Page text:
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Monmouth’s IHW Director Presents at Alliance to Advance Comprehensive Integrative Pain Management Virtual Symposium

A graphic showing the photos and titles of multiple people including Belinda Anderson, director fo the Institute for Health and Wellness

Director of the Institute for Health and Wellness Belinda Anderson, Ph.D., was one of several experts invited to present at the Alliance to Advance Comprehensive Integrative Pain Management (AACIPM) virtual symposium that took place on May 13-14. The focus of the symposium was innovation in person-centered pain management.

Anderson is a federally-funded researcher investigating non-pharmacologic approaches to pain management. She and colleagues from Albert Einstein College of Medicine and Mount Sinai Medical Center have been conducting clinical trials that have demonstrated the effectiveness of acupuncture and yoga therapy for treating pain. Their research is undertaken in community-based clinics, which treat underserved minority patients who are disproportionately affected by the opioid crisis.

According to Anderson, major healthcare issues in the U.S.—like the opioid crisis—have been overshadowed due to the current COVID-19 pandemic. The misuse of and addiction to opioids has resulted in over 400,000 deaths in the U.S. since the turn of the century.

“Today, 50 million Americans suffer from chronic pain, nearly half of whom are living with pain that significantly impairs their ability to go about their daily lives,” Anderson said. “Pain treatment in the U.S. costs between $560 billion and $635 billion annually, which is greater than the combined cost of treatment for heart disease, diabetes, and cancer. When the pandemic is over, we will still be facing this pain crisis, which will have only worsened as a result of the pandemic.”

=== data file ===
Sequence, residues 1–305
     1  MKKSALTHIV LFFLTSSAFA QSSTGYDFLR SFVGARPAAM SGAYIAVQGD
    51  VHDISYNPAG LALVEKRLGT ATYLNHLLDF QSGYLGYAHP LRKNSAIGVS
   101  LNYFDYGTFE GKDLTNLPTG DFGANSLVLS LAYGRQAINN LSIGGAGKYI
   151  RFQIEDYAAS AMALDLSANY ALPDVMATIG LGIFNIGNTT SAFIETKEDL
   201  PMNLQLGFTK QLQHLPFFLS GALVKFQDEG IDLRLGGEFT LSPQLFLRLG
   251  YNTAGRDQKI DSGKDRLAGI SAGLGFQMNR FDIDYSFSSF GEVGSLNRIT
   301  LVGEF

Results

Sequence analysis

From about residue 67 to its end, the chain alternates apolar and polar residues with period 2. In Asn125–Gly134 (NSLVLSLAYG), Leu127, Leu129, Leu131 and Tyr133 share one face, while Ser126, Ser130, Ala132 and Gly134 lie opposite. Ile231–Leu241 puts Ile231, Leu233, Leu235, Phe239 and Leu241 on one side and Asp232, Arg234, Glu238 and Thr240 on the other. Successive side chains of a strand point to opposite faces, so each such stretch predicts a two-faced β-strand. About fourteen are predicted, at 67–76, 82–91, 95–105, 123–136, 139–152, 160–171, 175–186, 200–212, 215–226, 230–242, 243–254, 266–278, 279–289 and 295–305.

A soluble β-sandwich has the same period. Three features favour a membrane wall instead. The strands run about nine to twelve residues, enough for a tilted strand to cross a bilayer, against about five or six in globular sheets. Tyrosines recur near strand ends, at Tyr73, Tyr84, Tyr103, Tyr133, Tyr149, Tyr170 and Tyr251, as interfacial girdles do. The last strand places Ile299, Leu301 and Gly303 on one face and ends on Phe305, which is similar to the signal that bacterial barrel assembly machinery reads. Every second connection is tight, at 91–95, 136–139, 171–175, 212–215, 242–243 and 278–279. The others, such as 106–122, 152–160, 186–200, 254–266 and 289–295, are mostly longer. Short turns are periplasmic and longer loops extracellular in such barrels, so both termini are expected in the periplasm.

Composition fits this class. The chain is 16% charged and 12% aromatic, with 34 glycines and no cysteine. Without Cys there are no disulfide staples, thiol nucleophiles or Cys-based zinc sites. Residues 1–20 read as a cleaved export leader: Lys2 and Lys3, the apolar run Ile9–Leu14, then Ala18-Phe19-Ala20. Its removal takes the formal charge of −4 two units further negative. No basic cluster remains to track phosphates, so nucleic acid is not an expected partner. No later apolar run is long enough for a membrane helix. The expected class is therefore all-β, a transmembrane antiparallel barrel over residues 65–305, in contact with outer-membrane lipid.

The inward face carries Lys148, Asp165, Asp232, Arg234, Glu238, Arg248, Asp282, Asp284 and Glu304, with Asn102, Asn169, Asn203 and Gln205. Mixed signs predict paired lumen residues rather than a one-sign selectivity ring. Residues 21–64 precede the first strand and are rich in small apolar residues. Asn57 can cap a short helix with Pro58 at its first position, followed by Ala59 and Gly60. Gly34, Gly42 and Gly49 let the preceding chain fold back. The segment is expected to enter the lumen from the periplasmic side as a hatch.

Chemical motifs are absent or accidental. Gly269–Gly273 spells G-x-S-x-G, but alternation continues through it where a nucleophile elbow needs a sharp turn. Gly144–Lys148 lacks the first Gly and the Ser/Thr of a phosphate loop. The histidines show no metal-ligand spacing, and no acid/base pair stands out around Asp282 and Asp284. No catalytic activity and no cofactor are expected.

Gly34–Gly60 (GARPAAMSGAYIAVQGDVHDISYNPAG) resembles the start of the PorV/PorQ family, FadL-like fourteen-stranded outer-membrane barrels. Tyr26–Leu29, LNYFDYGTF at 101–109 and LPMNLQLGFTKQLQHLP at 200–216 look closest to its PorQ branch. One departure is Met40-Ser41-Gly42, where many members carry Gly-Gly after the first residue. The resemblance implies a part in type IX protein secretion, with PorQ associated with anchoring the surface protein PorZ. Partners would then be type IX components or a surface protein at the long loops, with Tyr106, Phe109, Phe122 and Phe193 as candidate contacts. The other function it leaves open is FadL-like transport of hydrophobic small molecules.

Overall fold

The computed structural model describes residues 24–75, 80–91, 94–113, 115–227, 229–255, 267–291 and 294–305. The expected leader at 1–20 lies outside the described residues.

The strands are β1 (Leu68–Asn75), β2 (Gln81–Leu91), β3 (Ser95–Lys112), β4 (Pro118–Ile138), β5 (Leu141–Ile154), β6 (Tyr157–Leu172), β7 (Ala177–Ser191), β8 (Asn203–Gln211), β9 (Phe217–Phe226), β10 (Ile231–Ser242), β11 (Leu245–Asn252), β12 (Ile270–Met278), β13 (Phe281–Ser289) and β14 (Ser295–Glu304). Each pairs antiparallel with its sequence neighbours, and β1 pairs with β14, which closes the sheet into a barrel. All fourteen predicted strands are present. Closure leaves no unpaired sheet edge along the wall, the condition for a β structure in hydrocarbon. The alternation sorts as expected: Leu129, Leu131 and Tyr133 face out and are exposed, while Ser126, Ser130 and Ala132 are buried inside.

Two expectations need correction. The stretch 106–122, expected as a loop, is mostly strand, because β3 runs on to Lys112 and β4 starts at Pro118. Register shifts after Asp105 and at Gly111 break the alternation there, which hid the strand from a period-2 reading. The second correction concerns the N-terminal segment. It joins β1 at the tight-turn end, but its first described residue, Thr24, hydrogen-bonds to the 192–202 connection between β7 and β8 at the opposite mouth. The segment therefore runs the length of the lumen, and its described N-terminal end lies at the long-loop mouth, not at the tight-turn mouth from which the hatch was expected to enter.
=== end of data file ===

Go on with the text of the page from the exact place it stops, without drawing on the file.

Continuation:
The two-day symposium provided a sampling of the nation’s leading examples of innovation and progress that supports advancing a cultural shift to evidence-informed, whole-person-oriented pain management featuring multi-disciplinary, team-based approaches. Anderson spoke about the recent determination from Medicare to cover acupuncture for low back pain, and its implications for education of healthcare providers and implementation within hospitals and community clinics.

The AACIPM is a multi-stakeholder collaborative that is comprised of public and private insurers, government agencies, patient and caregiver advocates, researchers, purchasers of healthcare, policy experts, people living with pain, and the full spectrum of healthcare providers involved in the delivery of comprehensive integrative pain management. AACIPM’s focus is advancing a person-centered, coordinated approach to pain management that is affordable, sustainable, informed by evidence, and connected to quality outcomes.

More details about the symposium and the AACIPM are available online.